Blended Learning enrollments accounted for 8% of the virtual enrollments and had a pass rate of 49%. Digital Learning totaled 9% of the enrollments with a 54% pass rate. Online courses represented the majority of the enrollments (82%) and yielded a pass rate of 55%. See Table C11.

Students

Fast Facts

  • 120,669 K-12 students took at least one virtual course which represented 8% of Michigan public school students.
  • 85% of virtual learners were in high school; 33% were seniors and 21% were juniors.
  • 49% of virtual learners passed all their virtual courses. Twenty-three percent of virtual learners did not pass any of their virtual courses.
  • Of the 27,663 students who did not pass any of their virtual courses, 41% took only one or two courses. Over 12,550 students took and did not pass five or more virtual courses with 3,778 students taking and not passing 11 or more virtual courses.
  • Female students had a higher pass rate (57%) than did males (53%).
  • Students in poverty made up the majority of virtual learners (57%) and virtual enrollments (66%). Students in poverty also had a lower pass rate (48% v. 69%).
  • Part-time virtual learners had higher pass rates (60%) compared to full-time virtual learners (49%). This also included student in poverty (52% v. 43%).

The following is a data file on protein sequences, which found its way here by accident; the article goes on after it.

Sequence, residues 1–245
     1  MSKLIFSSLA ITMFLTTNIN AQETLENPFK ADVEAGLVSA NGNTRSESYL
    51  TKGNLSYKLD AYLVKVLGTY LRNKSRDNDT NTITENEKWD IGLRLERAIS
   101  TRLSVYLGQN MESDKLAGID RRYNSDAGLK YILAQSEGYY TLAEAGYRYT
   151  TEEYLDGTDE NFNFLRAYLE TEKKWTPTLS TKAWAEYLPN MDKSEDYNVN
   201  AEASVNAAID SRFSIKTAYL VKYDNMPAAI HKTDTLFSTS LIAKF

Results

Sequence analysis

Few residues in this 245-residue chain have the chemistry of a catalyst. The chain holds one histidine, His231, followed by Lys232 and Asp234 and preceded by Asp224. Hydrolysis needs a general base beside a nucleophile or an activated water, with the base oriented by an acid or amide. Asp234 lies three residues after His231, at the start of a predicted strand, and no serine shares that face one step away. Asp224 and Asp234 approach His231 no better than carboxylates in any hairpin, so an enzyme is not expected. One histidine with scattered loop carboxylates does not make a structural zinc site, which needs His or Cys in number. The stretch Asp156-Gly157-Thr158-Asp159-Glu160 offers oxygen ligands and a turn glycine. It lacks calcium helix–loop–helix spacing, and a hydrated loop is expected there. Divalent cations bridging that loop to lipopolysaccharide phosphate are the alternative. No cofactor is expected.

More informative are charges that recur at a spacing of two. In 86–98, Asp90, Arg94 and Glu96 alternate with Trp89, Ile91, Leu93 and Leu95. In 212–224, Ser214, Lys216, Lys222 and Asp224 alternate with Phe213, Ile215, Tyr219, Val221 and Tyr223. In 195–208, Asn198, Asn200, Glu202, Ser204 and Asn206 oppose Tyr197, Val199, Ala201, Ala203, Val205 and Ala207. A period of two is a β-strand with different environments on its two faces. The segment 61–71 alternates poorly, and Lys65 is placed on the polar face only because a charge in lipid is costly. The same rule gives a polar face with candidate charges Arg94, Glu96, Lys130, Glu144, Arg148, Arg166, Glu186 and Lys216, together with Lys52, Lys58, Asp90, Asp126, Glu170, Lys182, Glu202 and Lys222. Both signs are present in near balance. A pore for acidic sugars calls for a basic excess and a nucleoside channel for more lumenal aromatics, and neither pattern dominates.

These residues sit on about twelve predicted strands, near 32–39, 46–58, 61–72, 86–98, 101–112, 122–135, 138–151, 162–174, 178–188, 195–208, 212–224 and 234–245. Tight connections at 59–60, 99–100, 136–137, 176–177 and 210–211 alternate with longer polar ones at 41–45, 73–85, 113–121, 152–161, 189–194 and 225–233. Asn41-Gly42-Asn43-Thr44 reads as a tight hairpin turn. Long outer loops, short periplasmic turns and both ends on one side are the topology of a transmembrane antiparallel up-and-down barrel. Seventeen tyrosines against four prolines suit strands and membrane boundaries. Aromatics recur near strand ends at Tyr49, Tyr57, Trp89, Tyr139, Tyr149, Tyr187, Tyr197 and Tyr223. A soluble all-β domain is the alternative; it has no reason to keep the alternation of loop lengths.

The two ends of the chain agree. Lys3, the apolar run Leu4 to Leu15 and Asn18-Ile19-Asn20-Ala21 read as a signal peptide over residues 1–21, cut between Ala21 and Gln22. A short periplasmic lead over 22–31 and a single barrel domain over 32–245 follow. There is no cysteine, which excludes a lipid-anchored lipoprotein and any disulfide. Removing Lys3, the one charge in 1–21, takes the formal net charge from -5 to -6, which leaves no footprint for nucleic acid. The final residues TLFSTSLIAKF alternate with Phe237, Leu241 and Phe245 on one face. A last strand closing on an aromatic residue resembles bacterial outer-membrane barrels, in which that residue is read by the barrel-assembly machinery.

• Students using special education services made up 11% of the virtual learners.
  • Pass rates were higher for students taking fewer virtual courses. Students taking one or two virtual courses had a 76% pass rate compared to 51% for those taking five or more.
  • White students represented 68% of virtual students; African-Americans were 17%.

By Grade Level

For the 2018-19 school year, 120,669 Michigan K-12 students, approximately 8% of students in the state, took at least one virtual course. This was a 7% increase in the number of virtual learners compared to what was reported for 2017-18. Only about 7% of the state’s virtual learners were in grades K-5. Grades 6-8 were responsible for about 9% of the virtual learners. High school grade levels generated 85% of the virtual learners. About 33% of virtual learners were high school seniors and 21% were juniors. See Table D1.